To Thine Own Self Be True
(This is one of a series of GMAT tips that we offer on our blog.)
The GMAT tests many things — grammar, geometry, logic, algebra, etc. as skills; poise under pressure and efficient decision making as virtues; dedication and focus as attributes. Perhaps above all else, the GMAT is a test of thought processes — you need to know the content in order to apply it to the questions, but simply understanding grammar, logic, and math isn’t enough to ensure success. Much of the test hinges on your ability to control the way that you think to ensure that you answer questions specifically and accurately. In business terms, the test wants you to use the assets that you have — the knowledge of the content — to accomplish specific tasks — answer the questions explicitly.
Because of this, the test is full of many pitfalls, which include:
- Answering a tangential question (the questions asks you to solve for the amount of gasoline left in the tank, but you’re prone to answering how much was used)
- Assuming something about the variable in question (that it is an integer, or positive, etc.)
- Misreading the intention of a Data Sufficiency question (remember: the question is asking “can you answer this question definitively?” NOT “is the answer yes?” – we’ll cover this particular mistake more thoroughly in next week’s Tip of the Week)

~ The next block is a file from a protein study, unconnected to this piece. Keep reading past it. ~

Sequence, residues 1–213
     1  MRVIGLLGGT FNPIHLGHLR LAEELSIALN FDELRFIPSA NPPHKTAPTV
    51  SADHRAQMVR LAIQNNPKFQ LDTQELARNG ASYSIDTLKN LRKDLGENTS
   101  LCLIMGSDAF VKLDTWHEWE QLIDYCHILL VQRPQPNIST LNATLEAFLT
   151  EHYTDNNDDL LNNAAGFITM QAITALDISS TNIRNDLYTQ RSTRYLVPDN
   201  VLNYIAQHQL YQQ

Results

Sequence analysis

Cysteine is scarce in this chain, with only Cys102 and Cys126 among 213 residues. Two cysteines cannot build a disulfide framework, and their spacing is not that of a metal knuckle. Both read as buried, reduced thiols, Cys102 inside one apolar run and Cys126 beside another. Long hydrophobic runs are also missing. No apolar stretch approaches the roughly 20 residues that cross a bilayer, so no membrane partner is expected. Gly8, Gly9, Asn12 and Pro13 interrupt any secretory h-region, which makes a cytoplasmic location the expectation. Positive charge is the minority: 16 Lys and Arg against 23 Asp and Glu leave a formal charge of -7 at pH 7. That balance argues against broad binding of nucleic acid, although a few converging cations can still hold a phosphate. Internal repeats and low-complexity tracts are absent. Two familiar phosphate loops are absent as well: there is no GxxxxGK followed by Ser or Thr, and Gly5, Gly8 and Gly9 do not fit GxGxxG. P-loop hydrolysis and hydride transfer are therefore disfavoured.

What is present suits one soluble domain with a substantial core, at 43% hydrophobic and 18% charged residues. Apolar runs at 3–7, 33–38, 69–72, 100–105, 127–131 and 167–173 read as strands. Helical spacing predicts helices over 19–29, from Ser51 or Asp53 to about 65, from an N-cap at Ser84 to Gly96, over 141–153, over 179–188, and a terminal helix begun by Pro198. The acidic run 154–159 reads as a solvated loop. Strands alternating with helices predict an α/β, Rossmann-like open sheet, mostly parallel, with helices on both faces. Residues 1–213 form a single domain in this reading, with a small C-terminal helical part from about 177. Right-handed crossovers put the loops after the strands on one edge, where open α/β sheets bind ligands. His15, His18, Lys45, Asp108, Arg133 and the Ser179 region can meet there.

Naturally, this is an incomplete list of the errors that some may make on the GMAT, as the test is written in a way that will encourage people to unknowingly make mistakes. As such, it is crucial for your preparation to track and find patterns in the mistakes that you often make. If you can simply identify your 2-3 most frequent errors on each side of the exam, and jot those down on your noteboard at the beginning of the test as reminders, you can greatly minimize the number of points you “give back” to the test, but that should rightfully be yours.
As you finalize your GMAT preparation, put an emphasis on minimizing the errors that you make simply because of the way that your mind works under pressure, and you’ll increase your score as a result (think of it as “controlling costs” – the more you study, the more you “increase revenue” with you score, but you can “increase profit” by cutting down on those mistakes).
At Veritas Prep, we have worked with thousands of students and, in doing so, identified several of the most common errors that all test-takers are prone to making. The latest addition to the Veritas Prep course materials capitalizes on this experience with a set of sidebar tools, including “How Your Mind Works,” to alert you to these pitfalls that you may face, and that you often may not even know exist. Visit our site for more information about the Veritas Prep program and our GMAT prep resources.